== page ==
"It was beloved both as a mascot, it was a symbol people knew of, and it was a symbol of when you think about your home," Chidothe said. "It's both losing something you identify with your home, but also the way it was lost."
Others from Zimbabwe, Chidothe said, have questioned whether the locals who are currently facing charges will carry the full punishment for the killing of the lion while Palmer won't be held accountable.
"Some folks use analogies of colonialism," he said. "You have foreigners coming in and exploiting the resources and creating upheaval, and taking in a very violent manner and then disappearing with no accountability for the chaos it created."
Some online petitions have circulated calling for Palmer to be extradited to Zimbabwe to face poaching charges. Minneapolis Attorney Joe Tamburino said the United States and Zimbabwe have had an extradition treaty for felony-level crimes since the late 1990s.
"Zimbabwe would on their end, issue some sort of charge or warrant, and then ask the federal government here, I imagine through the State Department," Tamburino said. "Then they'd effect an arrest here in the United States and then get the individual to court here and then extradited to Zimbabwe."
Extradition is not an automatic process, Tamburino said. In a situation where the accused has the resources to hire attorneys, the extradition process can be especially long and complex.
"The individual would be able to say to our government, 'Look I'm an American citizen, I don't think I should be extradited for whatever the legal argument they're going to make,'" Tamburino said. "Then they'd get a fair hearing in court on that."
The federal government could reject extradition for a number of reasons including humanitarian or legal objections, but American citizenship or wealth don't automatically mean someone can avoid extradition.
"When you travel to another country, you should be absolutely sure you're obeying those country's rules and laws, because if you're not, and they have an extradition treaty with us, you could be in trouble," Tamburino said.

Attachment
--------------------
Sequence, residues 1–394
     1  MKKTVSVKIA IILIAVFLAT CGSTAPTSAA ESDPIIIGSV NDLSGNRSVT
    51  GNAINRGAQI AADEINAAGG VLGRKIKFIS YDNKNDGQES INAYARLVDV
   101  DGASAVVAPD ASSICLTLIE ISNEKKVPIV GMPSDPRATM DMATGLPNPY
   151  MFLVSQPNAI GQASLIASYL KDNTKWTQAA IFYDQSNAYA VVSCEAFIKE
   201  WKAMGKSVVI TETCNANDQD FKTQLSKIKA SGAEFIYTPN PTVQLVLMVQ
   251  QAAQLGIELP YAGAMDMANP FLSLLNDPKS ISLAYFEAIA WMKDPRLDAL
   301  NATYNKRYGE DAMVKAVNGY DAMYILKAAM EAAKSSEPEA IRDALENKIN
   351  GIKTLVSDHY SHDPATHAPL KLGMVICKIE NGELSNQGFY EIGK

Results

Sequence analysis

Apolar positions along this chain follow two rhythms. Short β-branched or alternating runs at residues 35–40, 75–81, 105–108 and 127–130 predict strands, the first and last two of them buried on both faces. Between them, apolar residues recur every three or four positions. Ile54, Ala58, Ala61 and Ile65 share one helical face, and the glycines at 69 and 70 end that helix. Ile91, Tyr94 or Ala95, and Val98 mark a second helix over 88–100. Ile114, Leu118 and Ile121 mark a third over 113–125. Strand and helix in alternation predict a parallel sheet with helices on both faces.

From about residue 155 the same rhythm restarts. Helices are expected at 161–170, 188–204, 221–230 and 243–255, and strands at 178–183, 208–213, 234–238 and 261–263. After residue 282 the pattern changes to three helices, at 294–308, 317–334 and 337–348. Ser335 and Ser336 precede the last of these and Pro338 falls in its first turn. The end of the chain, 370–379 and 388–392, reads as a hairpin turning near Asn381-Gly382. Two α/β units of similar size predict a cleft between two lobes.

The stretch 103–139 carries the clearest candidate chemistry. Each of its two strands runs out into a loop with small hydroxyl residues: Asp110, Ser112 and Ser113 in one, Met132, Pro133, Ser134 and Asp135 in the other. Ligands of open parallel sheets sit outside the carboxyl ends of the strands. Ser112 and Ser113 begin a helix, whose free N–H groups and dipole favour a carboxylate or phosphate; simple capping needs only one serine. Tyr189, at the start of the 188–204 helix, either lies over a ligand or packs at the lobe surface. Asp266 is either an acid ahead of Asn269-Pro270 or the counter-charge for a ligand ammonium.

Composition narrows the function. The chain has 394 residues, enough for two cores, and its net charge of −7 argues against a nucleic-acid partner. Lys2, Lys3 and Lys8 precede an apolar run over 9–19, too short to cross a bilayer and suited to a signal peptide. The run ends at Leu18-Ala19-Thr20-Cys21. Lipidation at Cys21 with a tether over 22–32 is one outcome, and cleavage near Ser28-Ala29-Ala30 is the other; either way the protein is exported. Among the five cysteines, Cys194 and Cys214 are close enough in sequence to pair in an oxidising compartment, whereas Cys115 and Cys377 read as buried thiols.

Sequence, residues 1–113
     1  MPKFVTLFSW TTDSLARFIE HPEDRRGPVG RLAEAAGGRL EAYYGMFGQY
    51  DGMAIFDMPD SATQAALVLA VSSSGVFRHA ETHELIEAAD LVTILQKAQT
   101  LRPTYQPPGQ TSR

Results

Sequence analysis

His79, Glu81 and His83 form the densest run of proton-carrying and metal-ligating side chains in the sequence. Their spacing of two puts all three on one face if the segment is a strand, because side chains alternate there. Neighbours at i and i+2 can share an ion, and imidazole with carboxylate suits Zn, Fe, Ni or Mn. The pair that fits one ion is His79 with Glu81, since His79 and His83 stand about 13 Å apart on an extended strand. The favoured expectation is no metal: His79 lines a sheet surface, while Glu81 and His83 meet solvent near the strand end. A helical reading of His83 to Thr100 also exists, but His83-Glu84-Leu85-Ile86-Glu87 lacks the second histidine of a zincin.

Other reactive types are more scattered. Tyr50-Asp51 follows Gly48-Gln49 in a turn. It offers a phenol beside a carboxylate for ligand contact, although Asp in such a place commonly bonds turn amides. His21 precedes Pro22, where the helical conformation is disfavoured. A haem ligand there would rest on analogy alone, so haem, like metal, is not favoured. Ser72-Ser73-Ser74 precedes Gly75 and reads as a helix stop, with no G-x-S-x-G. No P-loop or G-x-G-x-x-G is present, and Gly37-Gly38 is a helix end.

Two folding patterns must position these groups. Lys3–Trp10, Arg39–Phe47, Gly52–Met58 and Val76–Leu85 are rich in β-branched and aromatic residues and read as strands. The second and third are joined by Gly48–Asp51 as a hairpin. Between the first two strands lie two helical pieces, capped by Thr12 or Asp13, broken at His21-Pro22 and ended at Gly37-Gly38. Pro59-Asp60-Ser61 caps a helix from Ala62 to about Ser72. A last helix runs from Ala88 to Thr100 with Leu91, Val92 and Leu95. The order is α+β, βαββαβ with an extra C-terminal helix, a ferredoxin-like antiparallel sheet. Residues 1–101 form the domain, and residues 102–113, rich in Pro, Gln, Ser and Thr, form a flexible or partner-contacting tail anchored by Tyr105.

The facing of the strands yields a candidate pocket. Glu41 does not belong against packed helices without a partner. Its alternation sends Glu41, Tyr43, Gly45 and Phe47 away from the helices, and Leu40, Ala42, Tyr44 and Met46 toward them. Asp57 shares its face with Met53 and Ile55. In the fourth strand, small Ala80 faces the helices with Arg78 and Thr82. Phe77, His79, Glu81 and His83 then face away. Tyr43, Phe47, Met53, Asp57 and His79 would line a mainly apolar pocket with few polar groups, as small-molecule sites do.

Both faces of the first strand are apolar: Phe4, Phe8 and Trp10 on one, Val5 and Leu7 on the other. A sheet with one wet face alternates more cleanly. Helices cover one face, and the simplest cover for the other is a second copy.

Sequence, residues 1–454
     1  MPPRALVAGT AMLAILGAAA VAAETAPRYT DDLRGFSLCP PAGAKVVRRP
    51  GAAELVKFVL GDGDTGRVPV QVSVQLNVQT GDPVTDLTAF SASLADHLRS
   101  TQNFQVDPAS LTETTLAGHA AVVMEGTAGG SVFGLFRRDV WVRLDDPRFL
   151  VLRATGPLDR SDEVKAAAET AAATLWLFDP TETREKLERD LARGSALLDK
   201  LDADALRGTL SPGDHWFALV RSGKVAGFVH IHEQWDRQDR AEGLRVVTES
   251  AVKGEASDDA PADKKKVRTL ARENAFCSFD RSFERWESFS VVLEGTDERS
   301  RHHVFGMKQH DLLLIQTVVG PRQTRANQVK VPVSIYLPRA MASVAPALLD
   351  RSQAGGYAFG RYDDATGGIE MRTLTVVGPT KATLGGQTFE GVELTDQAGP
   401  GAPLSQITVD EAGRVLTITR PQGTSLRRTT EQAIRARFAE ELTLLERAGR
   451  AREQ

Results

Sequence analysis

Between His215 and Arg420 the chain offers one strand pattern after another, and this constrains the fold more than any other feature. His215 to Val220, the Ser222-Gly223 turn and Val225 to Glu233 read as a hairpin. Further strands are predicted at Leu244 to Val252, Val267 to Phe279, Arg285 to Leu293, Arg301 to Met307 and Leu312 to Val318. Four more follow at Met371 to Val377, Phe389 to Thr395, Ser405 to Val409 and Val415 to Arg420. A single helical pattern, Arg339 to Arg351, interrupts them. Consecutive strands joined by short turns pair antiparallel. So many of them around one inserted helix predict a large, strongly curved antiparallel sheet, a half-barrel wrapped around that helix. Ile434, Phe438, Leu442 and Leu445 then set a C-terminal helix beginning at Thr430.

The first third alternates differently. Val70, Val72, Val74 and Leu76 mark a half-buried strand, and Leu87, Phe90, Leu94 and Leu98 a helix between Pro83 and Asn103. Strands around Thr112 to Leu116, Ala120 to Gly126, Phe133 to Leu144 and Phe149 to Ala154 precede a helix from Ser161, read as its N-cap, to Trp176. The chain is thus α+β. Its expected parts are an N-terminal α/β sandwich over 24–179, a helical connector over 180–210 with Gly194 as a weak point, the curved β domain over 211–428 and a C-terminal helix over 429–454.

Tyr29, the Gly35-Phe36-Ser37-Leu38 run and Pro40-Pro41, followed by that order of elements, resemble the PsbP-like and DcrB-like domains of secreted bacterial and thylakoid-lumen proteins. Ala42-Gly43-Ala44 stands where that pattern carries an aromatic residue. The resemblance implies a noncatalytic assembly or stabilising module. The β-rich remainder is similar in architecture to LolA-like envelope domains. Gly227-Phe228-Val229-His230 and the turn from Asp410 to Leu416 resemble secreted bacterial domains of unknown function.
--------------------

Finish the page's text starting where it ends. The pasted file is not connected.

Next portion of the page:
There are other possible legal repercussions facing Palmer, who did not respond to further requests for comment from MPR News.
Gov. Mark Dayton Wednesday weighed in on the killing of the lion calling it "horrible."
"I'm just so disgusted with that man. To shoot any lion but to lure a lion like that out of the preserve and shoot him, how could anybody think that's sport? It's just appalling."
Palmer is a member of the Pope & Young Club, which focuses on big game bow hunting in North America. The organization said in a statement posted to their website on Wednesday that they maintain high ethical and legal standards for members and are investigating the situation involving Palmer.
"Fair Chase is the ethical, sportsmanlike, and lawful pursuit of free-ranging wild game animals in a manner which does not give the hunter an improper or unfair advantage over the animal," according to the organization's statement. "As such, the Pope and Young Club does not condone any actions in violation of Fair Chase."
Rep. Betty McCollum has said she is urging the U.S. Fish and Wildlife Service and the Department of Justice to investigate whether Palmer violated any laws governing endangered species.
The U.S. wildlife agency said in a statement that it was "deeply concerned," gathering facts and would "assist Zimbabwe officials in whatever manner requested."
McCollum also told MPR News host Kerri Miller on Wednesday that she was working on legislation to tighten anti-poaching laws in the United States.
The Associated Press contributed to this report.